The amount of time we spent behind bathroom doors did not go unnoticed. It was the worst for Rachmiel. Years of deprivation had left her host Jessica’s digestive system as fragile as Malaysia’s ravaged mangrove forests, her newly robust appetite triggering bouts of gastrointestinal distress and vomiting. And now that she was no longer anorexic, it wasn’t long before she finally began menstruating. This discomfited some of us more than it did Rachmiel.
“The array of feminine hygiene products at the Lynn Valley Centre’s Shoppers Drug Mart is staggering,” Rachmiel told us, eyes as round and darkly glistening as a mouse lemur’s. “An entire aisle.”
To which Yabbashael, a.k.a. The Wad, speaking for the rest of us, said: “TMI, dear sister, TMI.”
How mystifying it is that knowledge and experience are such utterly different beasts—one a contemplative water buffalo, the other a wild mink.
Why Arcadia Court? Why not Jammu, the ancestral home of our black-walnut-loving tempter? Or Barcelona or Manhattan, where our taste receptors might have been set abuzz? Why not an outpost in sub-Saharan Africa, where we might have been of some use?
The truth is that, like a child spinning a globe, eyes closed tight, the compact planet skimming rapidly under his index finger until it slows and then stops (There! The Bonin Islands? Wuhan? Tucuruí? The world suddenly seeming larger than large, wanderlust abruptly sated), our choice of destination was rather whimsical. And we did like the name and the way clouds sat low on the mountaintop just above that enclave in North Vancouver. There was, we admit, a waft of something compelling from a small wooded area nearby, beside Hastings Creek. “The smell of destiny,” Rachmiel had called it, rather portentously, considering we could not yet smell anything in the literal sense. At the time, we believed “destiny” to be one of those weasel words beloved by those with little insight into the workings of the universe.
Our fact-finding mission was to last as long as it took to discover the zenith of each human sense. Barman’s best guess was four years; Elyon thought a week or so should do it. At any rate, time had, for us, never been of consequence. Now we were to be human in all respects, bound to the limitations of the species—no being in two places at once, no interventions, no miracles.
Arcadia Court itself comprised just seven houses arrayed around a horseshoe-shaped road opening off Arcadia Drive, which lay between the steeply graded and winding Mountain Highway and Lynn Valley Road. It had a neat little physicality to it, a sense of order challenged by the surrounding wilderness.
It was during our second week there that we first wandered into the forbidden woods by Hastings Creek. Almost hidden amid the foliage, in a clearing on the east side of the creek, a soiled blue plastic tarp strung between two hemlocks caught our eyes. And from under it came guttural laughter, voices simultaneously muted and oddly amplified. “Here, mix these two together and now try it,” said one, followed by a sidewinder of a cough, while someone else gagged.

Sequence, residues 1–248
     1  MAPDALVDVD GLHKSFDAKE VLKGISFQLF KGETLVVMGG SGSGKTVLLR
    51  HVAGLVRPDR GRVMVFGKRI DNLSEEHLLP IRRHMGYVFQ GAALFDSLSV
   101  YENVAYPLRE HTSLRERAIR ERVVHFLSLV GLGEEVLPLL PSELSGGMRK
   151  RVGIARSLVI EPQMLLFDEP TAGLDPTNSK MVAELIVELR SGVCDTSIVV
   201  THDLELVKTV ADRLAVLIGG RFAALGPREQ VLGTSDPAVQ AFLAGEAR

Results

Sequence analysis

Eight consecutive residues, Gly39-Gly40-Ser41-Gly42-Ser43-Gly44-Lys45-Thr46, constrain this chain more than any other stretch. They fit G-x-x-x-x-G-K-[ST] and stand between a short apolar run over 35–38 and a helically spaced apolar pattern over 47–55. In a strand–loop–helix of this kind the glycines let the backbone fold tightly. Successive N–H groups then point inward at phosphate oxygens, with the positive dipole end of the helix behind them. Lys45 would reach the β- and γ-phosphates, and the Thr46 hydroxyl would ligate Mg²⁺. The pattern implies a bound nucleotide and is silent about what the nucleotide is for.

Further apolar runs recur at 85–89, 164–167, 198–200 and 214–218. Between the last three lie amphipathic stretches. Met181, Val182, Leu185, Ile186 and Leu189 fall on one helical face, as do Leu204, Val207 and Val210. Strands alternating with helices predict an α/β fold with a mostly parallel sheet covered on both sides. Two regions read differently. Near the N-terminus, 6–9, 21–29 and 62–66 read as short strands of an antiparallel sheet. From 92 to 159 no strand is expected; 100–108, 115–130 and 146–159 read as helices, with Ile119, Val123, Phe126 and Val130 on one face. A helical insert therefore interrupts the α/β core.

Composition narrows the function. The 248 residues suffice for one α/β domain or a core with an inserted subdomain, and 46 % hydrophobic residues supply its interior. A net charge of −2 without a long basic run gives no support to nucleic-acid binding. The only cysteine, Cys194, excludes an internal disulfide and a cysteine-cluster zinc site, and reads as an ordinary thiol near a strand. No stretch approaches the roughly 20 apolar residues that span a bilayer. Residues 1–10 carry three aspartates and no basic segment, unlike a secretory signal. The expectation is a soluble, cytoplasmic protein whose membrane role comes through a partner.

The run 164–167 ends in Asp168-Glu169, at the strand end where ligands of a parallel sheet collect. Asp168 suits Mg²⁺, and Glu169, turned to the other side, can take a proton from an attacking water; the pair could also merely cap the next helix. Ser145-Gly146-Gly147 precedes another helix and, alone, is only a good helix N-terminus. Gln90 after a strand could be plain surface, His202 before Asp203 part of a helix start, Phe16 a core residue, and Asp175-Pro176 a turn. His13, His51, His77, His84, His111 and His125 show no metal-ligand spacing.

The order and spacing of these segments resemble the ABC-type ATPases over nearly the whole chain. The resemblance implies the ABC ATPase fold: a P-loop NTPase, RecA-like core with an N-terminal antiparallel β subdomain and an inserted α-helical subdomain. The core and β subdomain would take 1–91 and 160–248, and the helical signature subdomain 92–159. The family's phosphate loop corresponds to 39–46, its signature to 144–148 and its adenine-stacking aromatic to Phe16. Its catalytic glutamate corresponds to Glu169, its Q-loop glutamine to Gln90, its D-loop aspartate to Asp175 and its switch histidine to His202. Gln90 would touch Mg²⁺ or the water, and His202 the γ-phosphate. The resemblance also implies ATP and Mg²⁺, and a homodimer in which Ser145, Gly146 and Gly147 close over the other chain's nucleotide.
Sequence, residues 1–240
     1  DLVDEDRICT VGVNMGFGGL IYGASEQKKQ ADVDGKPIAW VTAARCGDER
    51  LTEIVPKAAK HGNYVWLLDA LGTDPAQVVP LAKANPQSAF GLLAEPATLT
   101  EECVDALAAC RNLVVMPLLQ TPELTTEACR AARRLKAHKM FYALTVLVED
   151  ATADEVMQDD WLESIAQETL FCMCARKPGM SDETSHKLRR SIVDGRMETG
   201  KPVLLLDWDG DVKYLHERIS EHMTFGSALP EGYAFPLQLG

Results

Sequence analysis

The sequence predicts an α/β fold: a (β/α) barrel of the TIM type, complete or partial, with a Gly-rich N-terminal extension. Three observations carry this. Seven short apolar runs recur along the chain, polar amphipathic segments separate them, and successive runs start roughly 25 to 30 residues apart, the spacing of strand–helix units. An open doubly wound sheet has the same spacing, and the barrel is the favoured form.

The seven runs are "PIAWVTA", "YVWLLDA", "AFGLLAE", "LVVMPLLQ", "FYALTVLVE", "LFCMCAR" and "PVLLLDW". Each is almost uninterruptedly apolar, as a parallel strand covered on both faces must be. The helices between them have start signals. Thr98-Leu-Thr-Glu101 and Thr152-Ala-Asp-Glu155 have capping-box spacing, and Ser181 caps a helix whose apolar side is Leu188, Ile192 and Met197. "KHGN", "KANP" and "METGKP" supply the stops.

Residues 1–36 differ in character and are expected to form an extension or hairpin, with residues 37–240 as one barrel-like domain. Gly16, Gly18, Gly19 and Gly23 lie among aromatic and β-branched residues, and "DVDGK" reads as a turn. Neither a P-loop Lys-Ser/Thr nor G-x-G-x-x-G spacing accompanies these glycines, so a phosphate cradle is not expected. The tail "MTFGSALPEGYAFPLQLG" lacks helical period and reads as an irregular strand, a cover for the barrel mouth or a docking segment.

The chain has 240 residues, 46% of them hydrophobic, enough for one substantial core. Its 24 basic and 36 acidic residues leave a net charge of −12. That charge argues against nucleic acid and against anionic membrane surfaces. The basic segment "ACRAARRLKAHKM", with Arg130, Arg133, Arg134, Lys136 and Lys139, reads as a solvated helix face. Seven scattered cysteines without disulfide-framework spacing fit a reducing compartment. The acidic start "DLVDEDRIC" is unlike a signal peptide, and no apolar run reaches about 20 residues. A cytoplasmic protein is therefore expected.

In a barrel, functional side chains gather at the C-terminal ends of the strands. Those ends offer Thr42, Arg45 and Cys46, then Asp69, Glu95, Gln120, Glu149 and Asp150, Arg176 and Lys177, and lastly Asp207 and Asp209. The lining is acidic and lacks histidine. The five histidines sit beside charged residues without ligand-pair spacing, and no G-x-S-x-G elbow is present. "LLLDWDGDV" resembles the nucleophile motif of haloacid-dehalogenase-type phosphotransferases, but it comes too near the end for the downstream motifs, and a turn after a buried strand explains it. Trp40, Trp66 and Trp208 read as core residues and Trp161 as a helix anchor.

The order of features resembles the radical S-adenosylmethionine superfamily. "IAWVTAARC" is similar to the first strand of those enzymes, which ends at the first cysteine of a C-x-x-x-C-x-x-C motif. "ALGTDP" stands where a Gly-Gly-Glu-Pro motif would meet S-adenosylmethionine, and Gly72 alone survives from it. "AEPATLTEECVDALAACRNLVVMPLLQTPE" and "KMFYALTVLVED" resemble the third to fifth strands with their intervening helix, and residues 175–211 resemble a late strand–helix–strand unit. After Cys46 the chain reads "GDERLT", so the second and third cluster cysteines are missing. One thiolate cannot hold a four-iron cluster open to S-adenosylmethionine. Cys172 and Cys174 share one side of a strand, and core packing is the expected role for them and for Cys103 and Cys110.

Yabbashael went first, fording the creek without even bothering to take off Jason’s prized Air Jordans. Stumbling over a pile of debris, Yabbashael sent empty bottles and cans clattering in the relative silence of the clearing. Three old men emerged from under the tarp, red faced, two of them with matted greyish-brown beards, all looking as if they were wearing clothing made of sodden cardboard.
“Shit, kid, we’re trying to have a board meeting here,” said the bald, leather-faced one, waving in Yabbashael’s direction a bottle with a cigarette butt (or a fly?) floating in it. A decidedly human pong swirled about the men, a cloud of urine, sweat, and cigarette smoke.
And that is how we met the genius loci of Hastings Creek, the near-mythical shopping cart racers of Lynn Valley. They were the kind of men the Christ would have consorted with, and who could blame him? They were the lepers, the untouchables, of this place, and so forbidden fruit to us.
Yabbashael and Barman were particularly drawn to the Three Wise Men, as they took to calling their new friends. To this day, Yabbashael swears that a dried pepperoni stick the men shared with them came the closest to what we understand to be the spirit of umami.
“It’s as if they have some deeper understanding of the true pleasures of life,” Yabbashael said after one visit to Hastings Creek, prompting an unheeded warning from Rachmiel: “Nothing good has ever come of romanticizing the downtrodden.”
Toward the end of our first month, Elyon had a particularly bad day at school. When Ms. W. asked Stephan about Hamlet’s indecisiveness, Elyon quoted the famous soliloquy almost in its entirety. Stephan was set upon on the way home by some future captains of industry regurgitating their bastardized brand of poetry. “Slings and arrows of outrageous faggotyness!” “To be a fucking geek or not to be a fucking geek!” and, perhaps the worst, “To sleep, perchance to wet my bed!”
“Ms. W. cut me off at ‘conscience doth make cowards of us all,’” Elyon told us later behind the Wadsworths’ carport as we took turns holding Jason’s gym shirt to Stephan’s nose and forehead to staunch the flow of blood and tears. Zachriel gently cautioned that no one likes a show-off, while Barman couldn’t resist dispensing some advice: “The cool answer would’ve been ‘What is existential angst, Alex? ” Like his avatar, Leo Jr., Barman was a fan of Jeopardy!